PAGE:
Hedge funds are largely unregulated pool of liquid capital that is private and whose managers can at anytime buy or sell any assets or bet on falling as well as rising assets, and also participate substantially in any profits from the money invested in the funds. The fund is typically open only to very wealthy and qualified investors with its activity in the public securities market growing substantially, accounting for approximately 10 % of all U.S. fixed-income securities transactions, 35% of U.S. activities in derivatives with investment-grade ratings, 55% of the trading volume for emerging-market bonds, and 30% of equity trades. Hedge funds have quickly become a dominant player in the world of debt. In some corners of the market—often among the most complex areas—they are the biggest force by far. Hedge funds are responsible for nearly 30% of all U.S. fixed-income.
“Hedge fund” has no uniformly accepted meaning, but it commonly refers to a professionally managed pool of assets that are used to invest and trade in equity securities, fixed-income securities, derivatives, futures and other financial instruments. Participation in a hedge fund typically is restricted to relatively wealthy individual and institutional investors that satisfy private offering standards. Inclusion of “hedge” in the term is useful for distinguishing a hedge fund from another type of investment pool (such as mutual fund, a venture capital fund, a private equity fund or a commodity pool), but has little descriptive value—a hedge fund may or may not hedge against risks.
Some hedge funds invest only in securities and only for long term, whereas some hedge funds never invest at all, but only trade to profit market or security depreciation. Some long-short hedge funds sell securities short to guard against risks in their long investment; some sell securities short opportunistically to profit from expected declines in the prices of the securities; and some do both. Some hedge funds trade in put and call options or futures contracts to hedge; others do so hoping to profit from directional security or market bets. Some hedge funds are fundamental investors, while others rely on technical analysis. Some hedge funds invest and trade only distressed debt instruments. Some attempt to take advantage of pricing discrepancies between different markets in the same instruments through any of an array of arbitrage strategies. Some hedge funds specialize in exotica of currency trading, while some refuse even to consider security that is not denominated in U.S. dollars.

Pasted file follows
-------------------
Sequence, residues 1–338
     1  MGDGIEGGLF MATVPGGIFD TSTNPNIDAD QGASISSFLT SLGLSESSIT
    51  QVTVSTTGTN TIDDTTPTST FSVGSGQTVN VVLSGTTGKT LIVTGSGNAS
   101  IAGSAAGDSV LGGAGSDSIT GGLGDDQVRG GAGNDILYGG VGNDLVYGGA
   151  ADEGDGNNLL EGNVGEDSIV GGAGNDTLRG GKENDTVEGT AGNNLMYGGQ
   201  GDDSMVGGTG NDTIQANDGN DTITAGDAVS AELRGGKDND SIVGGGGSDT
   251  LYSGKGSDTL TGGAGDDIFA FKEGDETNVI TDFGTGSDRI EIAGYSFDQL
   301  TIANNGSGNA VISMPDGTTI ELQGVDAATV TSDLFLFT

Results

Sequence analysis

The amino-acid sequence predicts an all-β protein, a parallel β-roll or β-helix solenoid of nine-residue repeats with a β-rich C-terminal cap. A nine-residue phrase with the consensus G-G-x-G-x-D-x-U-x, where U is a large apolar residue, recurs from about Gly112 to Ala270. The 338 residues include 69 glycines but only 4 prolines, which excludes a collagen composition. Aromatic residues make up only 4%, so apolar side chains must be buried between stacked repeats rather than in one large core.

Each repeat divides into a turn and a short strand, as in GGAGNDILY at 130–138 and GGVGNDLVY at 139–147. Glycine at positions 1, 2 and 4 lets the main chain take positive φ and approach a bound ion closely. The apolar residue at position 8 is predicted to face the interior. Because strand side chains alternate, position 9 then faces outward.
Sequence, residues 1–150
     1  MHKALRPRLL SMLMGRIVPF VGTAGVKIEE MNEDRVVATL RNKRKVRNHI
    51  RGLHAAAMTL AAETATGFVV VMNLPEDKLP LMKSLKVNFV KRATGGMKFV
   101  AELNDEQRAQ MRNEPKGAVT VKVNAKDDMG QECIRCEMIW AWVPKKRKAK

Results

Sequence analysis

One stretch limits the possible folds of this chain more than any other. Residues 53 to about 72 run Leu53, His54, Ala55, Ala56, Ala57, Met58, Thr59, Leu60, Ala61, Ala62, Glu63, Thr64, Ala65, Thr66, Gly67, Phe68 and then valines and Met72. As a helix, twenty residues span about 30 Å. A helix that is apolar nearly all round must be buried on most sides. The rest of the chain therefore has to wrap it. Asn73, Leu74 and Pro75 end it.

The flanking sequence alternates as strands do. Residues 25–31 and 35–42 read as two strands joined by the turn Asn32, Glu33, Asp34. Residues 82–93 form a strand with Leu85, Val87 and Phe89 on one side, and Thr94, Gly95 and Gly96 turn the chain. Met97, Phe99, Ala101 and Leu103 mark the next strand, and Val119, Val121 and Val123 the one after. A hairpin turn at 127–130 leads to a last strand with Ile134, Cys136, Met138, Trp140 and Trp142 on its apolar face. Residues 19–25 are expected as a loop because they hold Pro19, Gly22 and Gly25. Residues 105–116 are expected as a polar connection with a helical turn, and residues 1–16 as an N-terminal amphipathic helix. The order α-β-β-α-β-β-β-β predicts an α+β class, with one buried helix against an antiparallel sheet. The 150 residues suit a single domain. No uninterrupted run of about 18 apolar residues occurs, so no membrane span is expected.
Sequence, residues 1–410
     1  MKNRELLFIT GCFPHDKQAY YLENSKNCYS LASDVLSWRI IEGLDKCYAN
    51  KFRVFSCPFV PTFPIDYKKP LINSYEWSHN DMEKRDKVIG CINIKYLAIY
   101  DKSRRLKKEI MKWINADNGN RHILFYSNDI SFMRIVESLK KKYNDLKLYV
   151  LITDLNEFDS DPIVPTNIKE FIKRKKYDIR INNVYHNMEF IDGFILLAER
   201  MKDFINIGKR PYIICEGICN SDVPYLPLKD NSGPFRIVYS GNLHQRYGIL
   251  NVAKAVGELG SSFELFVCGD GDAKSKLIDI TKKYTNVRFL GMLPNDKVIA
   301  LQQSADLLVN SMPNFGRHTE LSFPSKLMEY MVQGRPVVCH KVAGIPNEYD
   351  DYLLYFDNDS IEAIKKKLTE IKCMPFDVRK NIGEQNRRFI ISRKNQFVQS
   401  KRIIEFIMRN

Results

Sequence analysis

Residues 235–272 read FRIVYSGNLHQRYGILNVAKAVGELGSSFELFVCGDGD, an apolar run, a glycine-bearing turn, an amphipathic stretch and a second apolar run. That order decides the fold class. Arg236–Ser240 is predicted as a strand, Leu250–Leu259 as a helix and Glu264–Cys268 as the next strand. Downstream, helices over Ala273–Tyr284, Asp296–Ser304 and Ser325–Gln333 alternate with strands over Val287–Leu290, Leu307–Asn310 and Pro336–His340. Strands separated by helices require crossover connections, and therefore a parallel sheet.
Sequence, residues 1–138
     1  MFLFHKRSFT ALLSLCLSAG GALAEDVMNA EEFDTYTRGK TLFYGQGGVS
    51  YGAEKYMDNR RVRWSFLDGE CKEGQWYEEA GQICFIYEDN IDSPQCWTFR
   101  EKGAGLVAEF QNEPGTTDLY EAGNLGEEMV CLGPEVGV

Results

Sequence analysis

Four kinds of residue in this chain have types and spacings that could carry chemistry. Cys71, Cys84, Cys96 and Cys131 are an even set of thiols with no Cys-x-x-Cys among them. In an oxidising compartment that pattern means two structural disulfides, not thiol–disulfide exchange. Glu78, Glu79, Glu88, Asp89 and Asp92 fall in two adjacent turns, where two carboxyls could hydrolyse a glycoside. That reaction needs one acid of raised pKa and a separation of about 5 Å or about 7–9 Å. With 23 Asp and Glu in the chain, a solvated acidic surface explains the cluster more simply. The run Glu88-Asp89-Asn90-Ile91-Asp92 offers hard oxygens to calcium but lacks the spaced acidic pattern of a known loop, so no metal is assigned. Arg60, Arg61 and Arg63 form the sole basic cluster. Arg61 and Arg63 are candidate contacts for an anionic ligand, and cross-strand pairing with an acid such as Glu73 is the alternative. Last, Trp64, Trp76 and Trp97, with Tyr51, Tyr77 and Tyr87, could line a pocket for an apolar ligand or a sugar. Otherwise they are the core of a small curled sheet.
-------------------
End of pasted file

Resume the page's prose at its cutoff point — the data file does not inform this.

Hedge funds thus do not represent an asset class or any particular style of portfolio management. The investment philosophies of hedge funds are as diverse as their portfolio managers. Hedge fund investments techniques and methods represent their managers individual experiences, background and biases. Thus, it is not wrong to say that hedge funds in this vast financial market keep popping everywhere.
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